Research Paper By Evan Wilson
(Transformational Coach, UNITED STATES)
Approximately 50 percent of our day is spent on autopilot (Rock, 2010). Some researchers even estimate that up to 95 percent of our activities are habitual. Every day is a series of choices. And every choice has an underlying intent, usually, something we have been conditioned to believe or value, such as making money, fitting in, being “appropriate,” or “responsible.”
When we engage in the practice of being deliberate, we consciously direct our energy to be more efficient, effective, productive, content, happy, and present. Being deliberate about our choices every day is the difference between feeling in control and feeling like victims of external circumstances.
However, to take control, we must acknowledge that not only do we have a choice in how our life is lived, but also that how we are living each day is a choice.
Reacting to Life
Many of us go through our day without consciously thinking about our actions or being fully present in what we are doing. When is the last time you deliberately focused on the process of tying your shoe or brushing your teeth?
Some of us believe that we are practicing conscious mindfulness by being prepared to react to whatever comes at us. Being deliberate shifts the brain to shaping what comes at us, rather than reacting to it. That isn’t to say that we have control over every circumstance or that things do not happen that we need to be prepared for and respond to. The Greek philosopher Heraclitus said that “Change is the only constant in life.” However, we spend more time waiting for change to happen so we can react, rather than plotting a course to guide the change to the outcome that suits us. Our choice may be to contemplate the various potential outcomes thinking that will prepare us. We may even begin making unconscious choices that mold how the change will play out.
Sarah is unhappy in her job with a company going through budget cuts. She hopes to escape the next round of lay-offs and worries what might happen if she loses her job. She may start hoping that her next review is positive, or even that she might get a raise or a promotion. The fact that she is unhappy gets lost. She is waiting for things to happen, choosing to contemplate the potential outcomes. She might believe that this process will help her better prepare for whatever happens, but ultimately, she acknowledges that she is powerless to change the outcome. Sarah may even become so preoccupied with these thoughts that it starts to show in her work or attitude. When Sarah is laid off, she starts blaming the company, her manager, the economy, any other circumstances beyond her control, or even herself.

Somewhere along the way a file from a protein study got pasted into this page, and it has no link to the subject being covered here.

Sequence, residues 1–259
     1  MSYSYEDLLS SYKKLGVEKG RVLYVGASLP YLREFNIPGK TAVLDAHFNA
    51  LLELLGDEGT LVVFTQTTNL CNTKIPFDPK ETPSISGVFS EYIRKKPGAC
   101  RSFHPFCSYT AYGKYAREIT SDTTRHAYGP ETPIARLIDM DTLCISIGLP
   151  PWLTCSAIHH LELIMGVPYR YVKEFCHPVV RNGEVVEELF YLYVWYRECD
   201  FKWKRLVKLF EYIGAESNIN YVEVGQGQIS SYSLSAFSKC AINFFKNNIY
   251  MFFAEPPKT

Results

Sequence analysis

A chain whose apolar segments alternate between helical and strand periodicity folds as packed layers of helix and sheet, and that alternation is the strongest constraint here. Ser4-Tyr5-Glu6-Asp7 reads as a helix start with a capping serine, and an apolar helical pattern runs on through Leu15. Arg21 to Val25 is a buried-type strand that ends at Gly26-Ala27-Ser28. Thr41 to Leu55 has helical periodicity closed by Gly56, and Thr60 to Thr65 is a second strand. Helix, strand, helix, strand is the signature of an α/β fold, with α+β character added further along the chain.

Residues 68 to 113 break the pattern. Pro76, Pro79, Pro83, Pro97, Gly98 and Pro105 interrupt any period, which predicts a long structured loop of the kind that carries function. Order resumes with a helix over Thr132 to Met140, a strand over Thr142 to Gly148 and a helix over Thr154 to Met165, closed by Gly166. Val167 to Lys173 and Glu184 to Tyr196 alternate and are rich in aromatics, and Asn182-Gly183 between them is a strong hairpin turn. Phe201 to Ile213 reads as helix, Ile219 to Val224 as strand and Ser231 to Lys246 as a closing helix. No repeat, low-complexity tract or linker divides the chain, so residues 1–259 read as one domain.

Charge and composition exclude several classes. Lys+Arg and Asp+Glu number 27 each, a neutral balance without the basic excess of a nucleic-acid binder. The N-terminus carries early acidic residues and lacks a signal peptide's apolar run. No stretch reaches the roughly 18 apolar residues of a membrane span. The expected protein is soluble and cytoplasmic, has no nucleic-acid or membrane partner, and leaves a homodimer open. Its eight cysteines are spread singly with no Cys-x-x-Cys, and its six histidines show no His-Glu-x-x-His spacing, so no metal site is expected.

Sarah’s story is a pretty straightforward example of a “victim mentality,” in which otherwise strong people feel powerless over others or circumstances. One Lifehack author summarizes it as “People who have a victim mentality believe that life happens to them rather than for them”(Elizabeth, 2020). What else might Sarah have chosen?
Victim of Circumstance
It may be difficult to swallow, but many of us go through every day with the same victim mentality as Sarah – waiting for whatever will happen to us that we will then react or respond to. We may believe that we are taking control and practicing mindfulness by preparing for multiple outcomes or meditating on what we want the outcome to be. We may even think that we are consciously allowing the universe to provide what we need and actively paying attention to the cues. However, we are ultimately still choosing to wait for something or someone else to dictate our actions, thoughts, emotions, and happiness.
You don’t have to be the victim of your environment. You can also be the architect of it. – James Clear (Clear, Atomic Habits: An Easy & Proven Way to Build Good Habits & Break Bad Ones, 2018)
You might argue that’s a bit dramatic. You might say, “I don’t see myself as a victim.” There are, in fact, circumstances that we cannot control. There are real and horrible situations in which people are victims of actions perpetrated against them, such as assault or rape. This paper is not meant to discredit, delegitimize, or lessen the life-altering effects of any of those horrifying situations. This discussion merely posits that we regularly make choices – both conscious and subconscious – that influence and determine what happens. And that those choices can be deliberately used to design and develop the life that we want.
Maybe we don’t want that responsibility. It can be daunting, acknowledging that everything we do is a choice. Many of us are afraid to take that control. Because it also means that we have to take responsibility and be accountable. What if I mess it up or do something wrong? What if everyone thinks I’m a screw-up?What if I make the wrong decision? When we think about the weight of accepting responsibility for our own lives, it may feel more painless to blame other people or circumstances for our inaction or unhappiness. When we assign that blame, however, we choose to relinquish control. And that means we choose to be a victim.
What about those of us who blame ourselves for everything? Taking responsibility for our thoughts and actions takes courage and power. It allows us to see options and make deliberate choices on how we want to forge ahead. When we blame ourselves for everything, we relinquish power and control. We eliminate the choices. We turn ourselves into the victim before someone else can. Blame removes our ability to take responsibility. Deliberateness and blame cannot exist in the same space. When we are deliberate in our thinking, we can take responsibility for our actions and feelings without blame. We can separate what we own versus what we do not.
The simple act of acknowledging that what we do at any point in time is a choice – whether conscious or not – gives us power. Accepting that fact gives us even more power. The process of making a choice may feel completely unknown – it may be so ingrained that it is second nature. However, there are always other choices. Furthermore, each of those choices comes with consequences. And those consequences set off a chain reaction that forms the future.